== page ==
by: Aaron Diamant Updated:
ATLANTA - Channel 2 Action News is learning more about the man killed in a wrong-way crash on Georgia 400 early Wednesday morning.
Friends and family are shocked that Eric Hanks is gone. Hanks died just a couple miles from his Buckhead apartment.
Family members said Hanks was on his way home from dropping off his cousin when police said Frampere Ingle, of Marietta, blew past several warning signs and onto the freeway going the wrong direction.
Minutes before the horrific head-on wreck, drivers lit up 911 lines. Channel 2's Aaron Diamant obtained the recordings Thursday afternoon.
"I just led a wrong way driver going South in the northbound lanes," one driver told an operator.
"He had his lights pointed towards me and went past me," reported a second driver.
Atlanta police now confirm Ingle turned onto Georgia 400 from the Lenox Road off-ramp
way, causing the head on crash less than a mile away.
Ingle later died at Grady Hospital, where her female passenger remains in critical condition.
Eric Hanks, the driver of the other car, died at the scene.
"I'm just flabbergasted," said Hanks' neighbor, Duane West. "I'm lost for words. I just spoke to him two days ago."
On Thursday, West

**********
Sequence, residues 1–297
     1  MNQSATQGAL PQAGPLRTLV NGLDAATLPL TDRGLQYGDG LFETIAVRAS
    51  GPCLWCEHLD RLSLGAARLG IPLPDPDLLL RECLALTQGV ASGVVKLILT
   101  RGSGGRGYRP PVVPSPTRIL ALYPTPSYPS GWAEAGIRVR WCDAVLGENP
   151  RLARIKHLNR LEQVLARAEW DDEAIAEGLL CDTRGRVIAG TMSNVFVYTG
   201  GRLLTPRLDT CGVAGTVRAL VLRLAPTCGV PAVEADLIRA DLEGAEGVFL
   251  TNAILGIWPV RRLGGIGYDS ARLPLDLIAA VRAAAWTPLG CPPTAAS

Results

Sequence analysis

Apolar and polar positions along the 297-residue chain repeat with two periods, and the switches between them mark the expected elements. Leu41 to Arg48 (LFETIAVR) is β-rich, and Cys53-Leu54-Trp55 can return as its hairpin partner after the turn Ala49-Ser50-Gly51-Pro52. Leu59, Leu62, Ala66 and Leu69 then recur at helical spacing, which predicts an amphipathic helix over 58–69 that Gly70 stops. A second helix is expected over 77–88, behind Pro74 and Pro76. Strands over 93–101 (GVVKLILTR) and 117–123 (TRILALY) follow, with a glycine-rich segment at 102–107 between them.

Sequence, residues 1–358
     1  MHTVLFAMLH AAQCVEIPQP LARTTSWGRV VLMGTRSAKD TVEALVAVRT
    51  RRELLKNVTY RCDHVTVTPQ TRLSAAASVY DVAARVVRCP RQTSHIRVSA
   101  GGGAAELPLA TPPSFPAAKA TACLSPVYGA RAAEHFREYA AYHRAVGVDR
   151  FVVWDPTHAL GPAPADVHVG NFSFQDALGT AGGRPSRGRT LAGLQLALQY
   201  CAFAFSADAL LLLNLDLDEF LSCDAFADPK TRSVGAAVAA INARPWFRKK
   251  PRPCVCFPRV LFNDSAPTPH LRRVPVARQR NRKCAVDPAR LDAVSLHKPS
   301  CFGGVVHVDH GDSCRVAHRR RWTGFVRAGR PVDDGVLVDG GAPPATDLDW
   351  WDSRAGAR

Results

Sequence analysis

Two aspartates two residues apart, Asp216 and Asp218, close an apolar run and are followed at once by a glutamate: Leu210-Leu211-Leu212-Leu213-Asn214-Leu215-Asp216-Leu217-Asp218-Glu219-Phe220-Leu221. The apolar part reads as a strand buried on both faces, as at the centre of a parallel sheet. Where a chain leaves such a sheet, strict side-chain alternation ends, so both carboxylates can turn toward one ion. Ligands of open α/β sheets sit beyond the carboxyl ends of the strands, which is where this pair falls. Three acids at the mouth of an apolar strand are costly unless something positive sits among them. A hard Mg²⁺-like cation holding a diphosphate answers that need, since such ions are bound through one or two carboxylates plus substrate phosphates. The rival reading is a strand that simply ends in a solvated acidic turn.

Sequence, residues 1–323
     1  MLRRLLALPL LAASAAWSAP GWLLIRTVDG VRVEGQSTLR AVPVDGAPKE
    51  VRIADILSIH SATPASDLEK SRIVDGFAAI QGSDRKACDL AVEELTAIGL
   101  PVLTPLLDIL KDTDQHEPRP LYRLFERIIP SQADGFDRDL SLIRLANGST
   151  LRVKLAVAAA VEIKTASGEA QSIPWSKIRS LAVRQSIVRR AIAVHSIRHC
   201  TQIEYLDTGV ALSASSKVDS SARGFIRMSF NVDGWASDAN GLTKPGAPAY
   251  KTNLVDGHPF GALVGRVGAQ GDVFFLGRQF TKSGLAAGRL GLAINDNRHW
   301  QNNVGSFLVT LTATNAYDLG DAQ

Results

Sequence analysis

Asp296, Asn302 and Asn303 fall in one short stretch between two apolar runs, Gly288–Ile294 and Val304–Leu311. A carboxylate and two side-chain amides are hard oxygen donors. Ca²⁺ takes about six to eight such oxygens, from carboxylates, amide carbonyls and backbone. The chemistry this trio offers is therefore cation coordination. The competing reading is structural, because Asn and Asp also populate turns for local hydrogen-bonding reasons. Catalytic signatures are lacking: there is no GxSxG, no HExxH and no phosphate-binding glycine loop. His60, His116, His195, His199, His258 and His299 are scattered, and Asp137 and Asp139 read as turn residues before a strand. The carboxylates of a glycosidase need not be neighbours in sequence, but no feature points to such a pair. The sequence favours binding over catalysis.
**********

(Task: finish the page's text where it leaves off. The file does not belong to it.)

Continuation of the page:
told Diamant that Hanks was a generous entrepreneur, who worked hard to ramp up his popular mobile barbecue business.
"He was really getting off the ground," West said. "He was so excited about establishing himself in the community and a lot of people loved him."
Police said investigators are still reconstructing the crash.
"I don't know if he saw them at the last minute, where that person could not get over or get out of the way," Atlanta Police Spokeswoman Kim Jones said. "Maybe they both swerved at the same time."
"He didn't deserve that," Hanks' fiancée Gladys Ferguson told Diamant Thursday.
Ferguson agreed to speak with Channel 2 Action News while still grieving over her sudden loss.
"We're doing what we can," Ferguson said. "Everything is very tough. It's tough to lose somebody in any event. I want that to be known around the community that he was a good guy."
In addition to his
barbecue business, Ferguson said Hanks was writing a book about his big comeback after falling on hard times.
"He was getting to where he knew what he wanted in life," Ferguson said.
She remembered Hanks for his generosity and how proud he was of his family's connection to civil rights icon Rosa Parks -- his great aunt.
"He obviously drew inspiration from her," Ferguson said. "He felt like she was a very strong woman."
And as police still work to figure out why Ingle got on the freeway the wrong direction, Ferguson said she's devastated police think alcohol may have played a part.
"That makes it even worse, because that certainly could have been avoided," Ferguson said.